I don't have a lot of great, genius science points, Krzyma, but I will say in the lensing, we only see it from one angle, anyway, when it's more than one dimension. If you looked at a spiral from one angle, it appears to be a line moving up and down, doesn't it? When you see it multidimensionally, only then is one able to distinguish it's circles, moving upwards, spiralling. I know it's a simplistic example, but still makes a point.

The science explanations of relativity of what's been observed thus far in space, is not wrong, just based on our limited view. And it may be, that it's our explanation for what we have been given to see, after all, at this point.
tetra

posted on Jun, 9 2014 @ 07:05 PM

Now, is that because 'space' is deformed and so the wavelength of the electromagnetic field is stretched? Or is it time that's deformed so that things are going slower in the oscillation of the wave? You can't really say one or the other or it's both depending on how you look at it.

not really !
you are talking about the emission time,
if time is slower the oscillation is slower so like you said longer wavelength. red shift
I talk about a wave passing by a big mass.
slowing down approaching, passing by and accelerating again, no red shift at all

if you measure length it is some constant quanta added together and counted over this length to measure.
if space itself is "stretch", there is no way to measure it, as your scale stretches to.

measuring time is measuring things happen in constant rate, like the time for an atom to oscillate.
and if its in a gravitational attraction of a mass, its oscillation get stretch, so it needs more time, is less energetic, emits more in red spectrum. But the time you are measuring at this stage is not delayed for you as observer.
otherwise there would be no red shift for you.

edit on 9-6-2014 by KrzYma because: (no reason given)

posted on Jun, 9 2014 @ 08:17 PM
lol, everyone wants to find fault in Einsteins work because it makes them feel like they are more intelligent than him.

posted on Jun, 9 2014 @ 08:20 PM

originally posted by: PhoenixOD
lol, everyone wants to find fault in Einsteins work because it makes them feel like they are more intelligent than him.

Would u say that Generally or
Specially,, relatively speaking?

i think its special,

edit on 6/9/2014 by BobAthome because: entertainment. soon there will be sound,,,just like the talkies,,

posted on Jun, 9 2014 @ 09:26 PM
That abell photo does not prove anything, Besides this video phoo phoos GR completely

edit on 9-6-2014 by Nochzwei because: (no reason given)

posted on Jun, 9 2014 @ 09:46 PM
It proved Dowdye is wrong. How could light from those those distant galaxies get so distorted if what Dowdye said in the screencap I posted was true?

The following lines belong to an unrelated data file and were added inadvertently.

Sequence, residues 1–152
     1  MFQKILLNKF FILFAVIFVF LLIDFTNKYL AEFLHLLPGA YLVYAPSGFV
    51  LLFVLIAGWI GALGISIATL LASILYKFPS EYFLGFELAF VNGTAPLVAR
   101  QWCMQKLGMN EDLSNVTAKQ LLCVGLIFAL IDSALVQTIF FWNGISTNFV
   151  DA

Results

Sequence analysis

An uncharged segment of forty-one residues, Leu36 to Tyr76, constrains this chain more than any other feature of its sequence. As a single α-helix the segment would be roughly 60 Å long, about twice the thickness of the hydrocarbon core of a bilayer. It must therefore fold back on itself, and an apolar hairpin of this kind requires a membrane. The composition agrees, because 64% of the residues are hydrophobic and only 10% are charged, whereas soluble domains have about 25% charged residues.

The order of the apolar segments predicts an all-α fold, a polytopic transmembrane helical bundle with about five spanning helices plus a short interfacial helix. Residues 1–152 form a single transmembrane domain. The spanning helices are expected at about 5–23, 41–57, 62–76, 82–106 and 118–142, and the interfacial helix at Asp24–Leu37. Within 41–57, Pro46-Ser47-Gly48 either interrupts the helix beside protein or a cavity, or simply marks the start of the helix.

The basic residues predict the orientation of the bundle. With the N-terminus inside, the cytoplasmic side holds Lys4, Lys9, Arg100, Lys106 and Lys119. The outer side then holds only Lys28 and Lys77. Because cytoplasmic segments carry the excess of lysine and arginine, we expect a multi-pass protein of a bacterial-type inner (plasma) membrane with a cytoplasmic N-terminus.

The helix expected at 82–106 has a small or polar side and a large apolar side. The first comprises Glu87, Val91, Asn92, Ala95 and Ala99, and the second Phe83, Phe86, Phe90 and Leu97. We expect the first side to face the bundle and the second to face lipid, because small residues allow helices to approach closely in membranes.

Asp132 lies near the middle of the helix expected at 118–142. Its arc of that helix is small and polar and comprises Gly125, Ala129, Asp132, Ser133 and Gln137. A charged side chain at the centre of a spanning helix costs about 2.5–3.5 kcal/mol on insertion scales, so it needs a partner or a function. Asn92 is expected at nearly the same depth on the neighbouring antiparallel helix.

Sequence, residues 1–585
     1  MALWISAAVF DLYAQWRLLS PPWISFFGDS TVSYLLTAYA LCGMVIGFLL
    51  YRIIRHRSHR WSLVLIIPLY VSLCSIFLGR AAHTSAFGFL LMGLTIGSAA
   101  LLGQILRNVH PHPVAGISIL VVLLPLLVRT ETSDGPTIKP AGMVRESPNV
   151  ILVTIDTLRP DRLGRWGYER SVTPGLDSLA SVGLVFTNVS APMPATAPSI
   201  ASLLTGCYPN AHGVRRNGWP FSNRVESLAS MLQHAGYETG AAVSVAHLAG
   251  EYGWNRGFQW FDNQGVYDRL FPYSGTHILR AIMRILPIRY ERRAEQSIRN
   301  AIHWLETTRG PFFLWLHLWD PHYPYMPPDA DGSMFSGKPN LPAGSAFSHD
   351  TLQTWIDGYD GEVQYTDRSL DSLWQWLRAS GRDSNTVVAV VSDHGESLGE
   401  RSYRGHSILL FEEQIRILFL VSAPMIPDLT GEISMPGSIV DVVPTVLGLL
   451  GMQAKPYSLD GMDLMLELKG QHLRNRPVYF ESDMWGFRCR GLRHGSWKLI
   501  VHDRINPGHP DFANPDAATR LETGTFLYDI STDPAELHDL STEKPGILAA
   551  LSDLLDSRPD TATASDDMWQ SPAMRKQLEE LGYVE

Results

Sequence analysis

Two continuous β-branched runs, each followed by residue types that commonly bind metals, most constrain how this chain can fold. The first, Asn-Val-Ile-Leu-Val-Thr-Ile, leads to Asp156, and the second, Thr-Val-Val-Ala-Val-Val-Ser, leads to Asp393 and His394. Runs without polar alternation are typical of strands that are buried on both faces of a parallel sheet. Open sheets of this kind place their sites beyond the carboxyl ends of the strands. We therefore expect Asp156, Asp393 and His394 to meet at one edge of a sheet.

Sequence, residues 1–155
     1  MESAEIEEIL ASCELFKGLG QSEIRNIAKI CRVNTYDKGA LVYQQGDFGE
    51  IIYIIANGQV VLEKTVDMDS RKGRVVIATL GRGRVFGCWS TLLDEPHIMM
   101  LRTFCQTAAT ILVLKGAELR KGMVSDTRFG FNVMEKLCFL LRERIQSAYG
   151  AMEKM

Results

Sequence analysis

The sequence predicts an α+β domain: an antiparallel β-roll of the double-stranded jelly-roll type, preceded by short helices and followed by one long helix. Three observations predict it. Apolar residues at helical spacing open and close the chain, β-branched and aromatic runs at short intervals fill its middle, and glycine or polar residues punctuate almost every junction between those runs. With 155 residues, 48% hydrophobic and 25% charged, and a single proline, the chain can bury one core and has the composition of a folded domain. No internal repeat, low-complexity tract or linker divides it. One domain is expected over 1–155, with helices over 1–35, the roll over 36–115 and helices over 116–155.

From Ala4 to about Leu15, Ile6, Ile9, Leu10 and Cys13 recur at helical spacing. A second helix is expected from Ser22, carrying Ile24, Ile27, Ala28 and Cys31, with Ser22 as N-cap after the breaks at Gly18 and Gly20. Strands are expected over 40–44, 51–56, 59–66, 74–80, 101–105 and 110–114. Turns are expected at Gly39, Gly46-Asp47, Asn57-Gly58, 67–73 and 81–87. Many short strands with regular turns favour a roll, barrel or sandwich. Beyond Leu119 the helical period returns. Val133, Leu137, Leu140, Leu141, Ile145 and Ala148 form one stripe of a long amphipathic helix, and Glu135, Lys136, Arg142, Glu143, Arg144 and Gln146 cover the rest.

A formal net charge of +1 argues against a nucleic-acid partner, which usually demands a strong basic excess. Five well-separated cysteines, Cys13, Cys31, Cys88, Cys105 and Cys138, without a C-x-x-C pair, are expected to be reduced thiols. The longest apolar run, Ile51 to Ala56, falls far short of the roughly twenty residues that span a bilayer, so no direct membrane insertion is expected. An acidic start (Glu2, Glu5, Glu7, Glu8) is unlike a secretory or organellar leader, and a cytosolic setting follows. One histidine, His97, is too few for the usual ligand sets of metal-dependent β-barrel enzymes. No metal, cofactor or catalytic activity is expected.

Here is a transcript of the video you posted, and I searched the transcript for the word "relativity" and got zero matches.
projectcamelot.org...
I don't know how it's supposed to debunk relativity without even mentioning it.

edit on 9-6-2014 by Arbitrageur because: clarification

posted on Jun, 9 2014 @ 10:48 PM
The distortion of light is an assumption and not necessarily true and causes of distortion if present is not necessarily due to gravitational lensing.
In the Gordon novell video he is talking about negating time to negate gravity, which is contrary to GR

posted on Jun, 10 2014 @ 09:14 AM

originally posted by: Arbitrageur
How does that explain this picture?

How can such a smart guy like yourself respond to Dowdye's arguments with that?

Did you watch the presentation?

So you're saying that, because we occasionally see ring like objects in space, that proves Einstein's theory of relativity must be right, even though we don't see ring like distortions around the zillions of places the theory predicts they should be?

That's like a middle school argument, and they are the only people you're fooling with it.

"There's just no way it could be anything else!"

edit on 6/10/2014 by AnarchoCapitalist because: (no reason given)

posted on Jun, 10 2014 @ 09:23 AM

originally posted by: AnarchoCapitalist
How can such a smart guy like yourself respond to Dowdye's arguments with that?

Did you watch the presentation?
I watched the whole thing.

So you're saying that, because we occasionally see ring like objects in space, that proves Einstein's theory of relativity must be right, even though we don't see ring like distortions around the zillions of places the theory predicts they should be?
I didn't say it proved Einstein right, I said it proved Dowdye wrong, and it does.

The photo is consistent with Einstein's theory but I think you need more than one picture to prove Einstein's theory, and even then no theory is ever proven 100% in science.
edit on 10-6-2014 by Arbitrageur because: clarification

posted on Jun, 10 2014 @ 09:49 AM

originally posted by: Arbitrageur
I didn't say it proved Einstein right, I said it proved Dowdye wrong, and it does.
...